The two destroyers look absolutely tiny compared to the massive size of the battleship. The world was about the change and the “power” was going to shift to the aircraft carriers and submarines as the modern naval power.

The Hogan was built by Union Iron Works in San Francisco, California and was launched on 12 April 1919 and commissioned on 1 October 1919. After her shakedown, she joined the Pacific Destroyer Force out of San Diego.

Photo from Navsource. Circa 1920, location unknown

Fun fact is that she became the first ship to be refueled while underway. She spent her early career as a destroyer in the Pacific theater assisting battleships and conducting torpedo firing exercises and was decommissioned prior to WW II on 27 May 1922.

She was recommissioned on 7 Aug 1940 and underwent a conversion to a high-speed destroyer minesweeper (DMS) and reclassified as the DMS-6. There were seven other Wickes-class ships that were also converted to destroyer minesweepers. As a minesweeper, she had three Yarrow boilers and two 27,000 shp Bethlehem geared turbines, a Falk single reduction gear, and two shafts.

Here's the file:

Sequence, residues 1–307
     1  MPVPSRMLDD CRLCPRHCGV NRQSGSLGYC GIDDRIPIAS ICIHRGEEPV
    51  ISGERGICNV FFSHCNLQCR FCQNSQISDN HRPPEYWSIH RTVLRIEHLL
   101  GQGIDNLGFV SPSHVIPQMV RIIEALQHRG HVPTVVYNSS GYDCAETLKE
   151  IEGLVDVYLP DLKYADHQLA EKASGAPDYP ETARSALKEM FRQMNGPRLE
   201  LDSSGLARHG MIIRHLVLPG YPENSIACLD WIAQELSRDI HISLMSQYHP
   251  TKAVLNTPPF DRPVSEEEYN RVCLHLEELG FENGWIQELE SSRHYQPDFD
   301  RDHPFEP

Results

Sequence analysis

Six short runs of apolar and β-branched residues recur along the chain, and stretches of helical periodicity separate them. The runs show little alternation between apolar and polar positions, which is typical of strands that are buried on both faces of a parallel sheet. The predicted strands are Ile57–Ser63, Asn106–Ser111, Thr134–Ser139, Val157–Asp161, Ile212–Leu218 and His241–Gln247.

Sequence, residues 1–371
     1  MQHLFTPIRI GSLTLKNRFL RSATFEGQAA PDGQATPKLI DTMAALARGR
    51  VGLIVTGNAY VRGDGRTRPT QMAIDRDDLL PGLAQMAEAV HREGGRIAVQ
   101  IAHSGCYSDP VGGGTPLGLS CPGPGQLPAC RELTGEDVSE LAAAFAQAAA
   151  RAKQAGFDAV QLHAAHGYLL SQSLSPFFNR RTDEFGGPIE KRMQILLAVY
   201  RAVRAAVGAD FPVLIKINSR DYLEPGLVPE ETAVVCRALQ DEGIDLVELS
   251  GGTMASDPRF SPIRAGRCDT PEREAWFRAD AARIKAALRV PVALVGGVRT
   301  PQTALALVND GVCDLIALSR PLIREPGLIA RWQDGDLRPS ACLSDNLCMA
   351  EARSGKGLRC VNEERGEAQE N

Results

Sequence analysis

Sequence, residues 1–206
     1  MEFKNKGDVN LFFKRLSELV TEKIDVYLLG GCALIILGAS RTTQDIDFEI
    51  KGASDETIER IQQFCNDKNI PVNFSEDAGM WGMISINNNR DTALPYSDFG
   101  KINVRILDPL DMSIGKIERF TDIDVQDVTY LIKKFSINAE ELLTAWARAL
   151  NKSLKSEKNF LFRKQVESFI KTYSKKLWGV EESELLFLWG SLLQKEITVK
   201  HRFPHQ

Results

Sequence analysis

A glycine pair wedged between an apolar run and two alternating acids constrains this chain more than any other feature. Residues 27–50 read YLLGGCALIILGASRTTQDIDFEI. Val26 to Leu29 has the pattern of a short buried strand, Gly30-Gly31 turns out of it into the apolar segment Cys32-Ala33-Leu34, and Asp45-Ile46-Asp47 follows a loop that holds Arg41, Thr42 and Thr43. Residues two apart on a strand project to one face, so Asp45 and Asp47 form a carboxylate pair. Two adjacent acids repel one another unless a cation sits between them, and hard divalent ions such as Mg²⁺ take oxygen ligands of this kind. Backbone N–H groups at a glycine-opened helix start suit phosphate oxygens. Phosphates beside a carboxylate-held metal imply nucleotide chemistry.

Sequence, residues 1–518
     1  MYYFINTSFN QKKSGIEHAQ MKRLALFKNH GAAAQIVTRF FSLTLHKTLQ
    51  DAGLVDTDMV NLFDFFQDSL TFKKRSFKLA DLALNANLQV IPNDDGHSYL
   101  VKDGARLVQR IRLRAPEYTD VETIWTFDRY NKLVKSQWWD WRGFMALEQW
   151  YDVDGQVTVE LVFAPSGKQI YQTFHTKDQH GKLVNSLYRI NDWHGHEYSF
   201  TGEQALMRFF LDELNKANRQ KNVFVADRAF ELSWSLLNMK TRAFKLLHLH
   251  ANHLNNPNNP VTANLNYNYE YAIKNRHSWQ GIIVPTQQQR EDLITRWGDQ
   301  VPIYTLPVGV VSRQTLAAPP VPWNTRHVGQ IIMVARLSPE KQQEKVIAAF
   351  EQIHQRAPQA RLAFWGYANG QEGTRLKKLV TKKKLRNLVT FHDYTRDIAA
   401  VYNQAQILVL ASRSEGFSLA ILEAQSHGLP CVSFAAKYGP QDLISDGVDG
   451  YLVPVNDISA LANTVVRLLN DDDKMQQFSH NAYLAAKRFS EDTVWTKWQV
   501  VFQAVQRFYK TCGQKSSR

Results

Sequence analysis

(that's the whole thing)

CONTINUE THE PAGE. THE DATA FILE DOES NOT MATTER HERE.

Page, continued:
Note in the photo above there are now only there smokestacks. We’ll get to that in the next post on the photogrammetry model.

The Hogan outfitted as a DMS started WW II in the Atlantic and took part in the invasion of North Africa and conducted antisubmarine patrols. She returned to Norfolk in late 1942 and spent most of 1943 on the east coast of the US conducting coastal convoy duties. She left Norfolk to join the Pacific Fleet and transited the Panama Canal in December. She was heavily involved in anti-submarine patrols for most of 1944 and was involved in the invasion of Saipan and the epic battles in the Mariannas (e.g., Guam), the Marshall Islands, and the Philippines (e.g., Luzon) . She went back to the US for repairs in October 1944 but then quickly went back to the war in the Pacific and spent time in the Leyte Gulf and took part in the assault on Iwo Jima in February 1945.

The Hogan received six battle stars for her service in WW II for sinking four submarines and shooting down two airplanes.

She underwent major repairs and was reclassified as AG-105 (AG is classification for Miscellaneous Auxiliary) on 5 June 1945. She was decommissioned on 11 October 1945 and struck from the registry on 1 November 1945. The Hogan was assigned as a target ship for bombing tests and was sank during bombing practice off of San Diego on 8 November 1945.